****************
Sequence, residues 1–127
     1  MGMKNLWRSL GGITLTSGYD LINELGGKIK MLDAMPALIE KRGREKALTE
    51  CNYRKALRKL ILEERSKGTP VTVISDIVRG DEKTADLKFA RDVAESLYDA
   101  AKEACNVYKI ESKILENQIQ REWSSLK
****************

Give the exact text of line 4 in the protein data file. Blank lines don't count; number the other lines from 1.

   101  AKEACNVYKI ESKILENQIQ REWSSLK